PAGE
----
About this Artist
The ARCADE FIRE spent most of 2006 holed up in a small church in a small town outside of Montreal. They were recording their second album, Neon Bible. It was a slow year, mostly. In contrast, the years before that had been rather hectic. Funeral, their first album, was released in September of 2004. The moment it came out, the Arcade Fire were caught up in a flurry of activity that left none dead, but several wounded. A lot of people liked Funeral a lot. Reviews were insanely positive, from local Montreal press to New York Times feature articles.
Shows, too, were selling out. In 2004, the Arcade Fire were playing small venues packed to the gills with 100, maybe 200 people. After Funeral came out, the size of the shows slowly crept up. A lot of people liked the shows. You could probably argue that the live show was better than the record. Don't get me wrong, the record was really good, but so too was the live show. By the end of 2005, the Arcade Fire were playing largish venues packed to the gills with thousands of people, in shows that had sold out in ridiculously short amounts of time. This all was a little overwhelming. Nice, but weird.
Nice but weird things happened to the Arcade Fire all of 2005. They played a Talking Heads song with David Byrne at one of their shows, and then got to open for him at the Hollywood Bowl. They got to perform with David Bowie, both in concert and on national TV. They got to go to Japan and Sweden and Brazil. They got to perform a very poorly rehearsed version of "Love Will Tear Us Apart (Again)" with U2. So all in all, by the time the year ended, the Arcade Fire were pretty darn tired. Happy and satisfied, yes, but really tired.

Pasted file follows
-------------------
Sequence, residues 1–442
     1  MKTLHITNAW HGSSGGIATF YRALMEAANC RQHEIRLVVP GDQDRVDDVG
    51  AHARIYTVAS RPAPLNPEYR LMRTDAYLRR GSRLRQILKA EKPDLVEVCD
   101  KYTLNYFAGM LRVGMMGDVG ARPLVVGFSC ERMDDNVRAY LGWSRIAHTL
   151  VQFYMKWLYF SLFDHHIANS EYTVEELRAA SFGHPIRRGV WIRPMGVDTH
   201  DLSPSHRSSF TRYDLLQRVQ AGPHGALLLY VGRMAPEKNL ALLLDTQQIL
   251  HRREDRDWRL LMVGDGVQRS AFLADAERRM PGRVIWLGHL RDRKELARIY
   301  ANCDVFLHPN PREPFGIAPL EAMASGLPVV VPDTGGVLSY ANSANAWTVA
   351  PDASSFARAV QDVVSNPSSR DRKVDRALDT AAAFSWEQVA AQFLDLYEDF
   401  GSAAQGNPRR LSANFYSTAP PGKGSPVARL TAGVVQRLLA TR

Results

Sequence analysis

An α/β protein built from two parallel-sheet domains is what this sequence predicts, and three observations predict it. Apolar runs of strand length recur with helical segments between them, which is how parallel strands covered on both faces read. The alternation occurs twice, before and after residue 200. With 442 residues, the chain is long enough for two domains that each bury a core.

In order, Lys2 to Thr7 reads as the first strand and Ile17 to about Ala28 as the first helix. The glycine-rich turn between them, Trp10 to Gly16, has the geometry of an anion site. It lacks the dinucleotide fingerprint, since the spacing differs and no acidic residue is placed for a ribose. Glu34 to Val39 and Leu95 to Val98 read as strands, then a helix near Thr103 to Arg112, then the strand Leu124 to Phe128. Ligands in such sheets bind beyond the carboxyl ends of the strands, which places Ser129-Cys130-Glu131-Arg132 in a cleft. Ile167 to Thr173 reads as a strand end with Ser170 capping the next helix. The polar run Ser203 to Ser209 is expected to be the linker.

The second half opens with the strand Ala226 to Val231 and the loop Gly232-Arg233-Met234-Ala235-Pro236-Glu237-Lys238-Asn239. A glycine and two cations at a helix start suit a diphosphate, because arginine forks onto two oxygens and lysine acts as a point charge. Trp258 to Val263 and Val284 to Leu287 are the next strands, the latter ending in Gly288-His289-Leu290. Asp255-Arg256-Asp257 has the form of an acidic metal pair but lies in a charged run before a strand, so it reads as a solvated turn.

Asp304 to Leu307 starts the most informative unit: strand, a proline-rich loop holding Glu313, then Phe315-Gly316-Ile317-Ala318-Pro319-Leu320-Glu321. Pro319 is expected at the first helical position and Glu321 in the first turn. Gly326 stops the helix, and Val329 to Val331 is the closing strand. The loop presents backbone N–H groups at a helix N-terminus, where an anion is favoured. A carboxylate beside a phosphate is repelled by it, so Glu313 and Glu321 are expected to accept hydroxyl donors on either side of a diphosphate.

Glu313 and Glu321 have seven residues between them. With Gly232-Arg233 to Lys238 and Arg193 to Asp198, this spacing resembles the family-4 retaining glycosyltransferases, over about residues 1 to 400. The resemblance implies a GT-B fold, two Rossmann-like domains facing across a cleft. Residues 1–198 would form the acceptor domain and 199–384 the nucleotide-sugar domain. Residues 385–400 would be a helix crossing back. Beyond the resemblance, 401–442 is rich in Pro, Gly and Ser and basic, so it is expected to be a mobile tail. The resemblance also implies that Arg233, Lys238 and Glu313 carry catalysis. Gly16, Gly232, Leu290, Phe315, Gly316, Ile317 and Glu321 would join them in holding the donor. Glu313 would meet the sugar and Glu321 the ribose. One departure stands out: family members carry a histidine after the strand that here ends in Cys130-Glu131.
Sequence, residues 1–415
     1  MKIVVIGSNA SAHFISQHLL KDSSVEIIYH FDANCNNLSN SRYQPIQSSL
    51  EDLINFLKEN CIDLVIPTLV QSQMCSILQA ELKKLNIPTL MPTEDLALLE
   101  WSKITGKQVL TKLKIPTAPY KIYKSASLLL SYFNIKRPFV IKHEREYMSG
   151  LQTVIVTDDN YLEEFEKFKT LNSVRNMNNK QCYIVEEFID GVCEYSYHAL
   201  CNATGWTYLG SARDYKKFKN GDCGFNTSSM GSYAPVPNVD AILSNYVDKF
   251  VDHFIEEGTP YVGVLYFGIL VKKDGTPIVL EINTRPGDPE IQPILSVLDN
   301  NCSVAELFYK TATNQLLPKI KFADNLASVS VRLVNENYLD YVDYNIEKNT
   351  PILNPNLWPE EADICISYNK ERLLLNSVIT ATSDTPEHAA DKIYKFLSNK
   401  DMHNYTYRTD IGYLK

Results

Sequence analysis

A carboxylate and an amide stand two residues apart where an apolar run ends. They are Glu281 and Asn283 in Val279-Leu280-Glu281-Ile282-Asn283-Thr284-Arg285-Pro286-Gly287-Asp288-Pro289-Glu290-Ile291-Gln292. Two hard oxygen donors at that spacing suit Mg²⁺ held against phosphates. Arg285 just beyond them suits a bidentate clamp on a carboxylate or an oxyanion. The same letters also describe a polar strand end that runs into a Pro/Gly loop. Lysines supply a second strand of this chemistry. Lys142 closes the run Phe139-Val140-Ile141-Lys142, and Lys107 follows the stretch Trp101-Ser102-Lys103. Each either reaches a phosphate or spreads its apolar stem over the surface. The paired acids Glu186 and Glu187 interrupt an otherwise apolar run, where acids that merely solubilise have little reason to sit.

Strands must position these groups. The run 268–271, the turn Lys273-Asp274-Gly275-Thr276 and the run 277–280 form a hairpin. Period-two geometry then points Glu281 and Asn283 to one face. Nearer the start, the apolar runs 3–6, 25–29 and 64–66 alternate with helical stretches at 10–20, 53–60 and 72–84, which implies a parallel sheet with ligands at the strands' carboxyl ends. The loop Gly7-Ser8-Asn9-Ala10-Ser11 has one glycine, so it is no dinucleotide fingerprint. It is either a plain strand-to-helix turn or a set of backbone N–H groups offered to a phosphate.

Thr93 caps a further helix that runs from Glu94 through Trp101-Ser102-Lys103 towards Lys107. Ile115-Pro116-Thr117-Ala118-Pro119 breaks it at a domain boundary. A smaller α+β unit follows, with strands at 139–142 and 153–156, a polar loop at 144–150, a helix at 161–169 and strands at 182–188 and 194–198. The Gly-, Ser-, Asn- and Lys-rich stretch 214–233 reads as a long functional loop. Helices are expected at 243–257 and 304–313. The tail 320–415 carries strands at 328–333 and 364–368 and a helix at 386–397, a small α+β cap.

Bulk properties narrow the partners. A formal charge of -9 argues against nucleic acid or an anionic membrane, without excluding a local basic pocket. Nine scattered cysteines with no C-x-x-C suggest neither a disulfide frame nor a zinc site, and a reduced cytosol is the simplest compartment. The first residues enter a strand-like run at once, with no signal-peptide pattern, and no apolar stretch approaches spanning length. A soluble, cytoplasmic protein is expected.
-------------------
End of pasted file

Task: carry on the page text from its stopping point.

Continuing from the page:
Coming off a year of intense touring, they just wanted to sit down and write some songs. And then record them. So they found a church out in a small town and turned it into a studio. They moved in all their amps and instruments, bought some nice curtains, stocked the fridge, and hunkered down. They were in no rush.
They knew they were working on an album, but didn't know how long it would be, or what it would be called, or what songs would be on it, or what instruments would be on the songs. They knew they would produce it themselves, though - they had too many musical plans pent up in their brains to hand control over to someone else. So they found some grand engineers to make those musical plans reality - Markus Dravs (Björk, James, Brian Eno) and Scott Colburn (Sun City Girls, Animal Collective).
Slowly, the songs came together. They found a huge pipe organ in a church in Montreal and recorded it. They bought some bass steel drums and some bass synths. They got a hurdy-gurdy. They called in friends for help: Martin Wenk and Jacob Valenzuela, the horn players from Calexico, came in for a song. Hadjii Bakara from Wolf Parade added some bleeps and bloops and sonic weirdness. Owen Pallett, of Final Fantasy, helped to orchestrate (as he did on Funeral). Pietro Amato and his horn-playing associates added some brass. The band traveled to Budapest to record an orchestra and a military choir. And besides all this, the band just played music together. They played the songs that were going on the album. They played songs that wouldn't go on the album. They played cover songs. It was all quite nice, really.
All this took about a year. The band worked and played and worked, and as Christmas of 2006 approached, the recording was finished. Neon Bible was full of both punk rock mistakes and meticulously orchestrated woodwinds. Processed strings and mandolin. Quiet rumbles and loud rumbles. But mostly just eleven songs that the band thinks are really good. And that might be of some public interest.